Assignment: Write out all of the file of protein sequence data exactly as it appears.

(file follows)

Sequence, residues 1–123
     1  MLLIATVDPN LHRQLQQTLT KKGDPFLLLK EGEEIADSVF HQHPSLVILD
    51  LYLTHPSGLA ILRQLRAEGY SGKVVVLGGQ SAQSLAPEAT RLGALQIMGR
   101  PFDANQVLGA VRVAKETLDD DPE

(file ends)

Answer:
Sequence, residues 1–123
     1  MLLIATVDPN LHRQLQQTLT KKGDPFLLLK EGEEIADSVF HQHPSLVILD
    51  LYLTHPSGLA ILRQLRAEGY SGKVVVLGGQ SAQSLAPEAT RLGALQIMGR
   101  PFDANQVLGA VRVAKETLDD DPE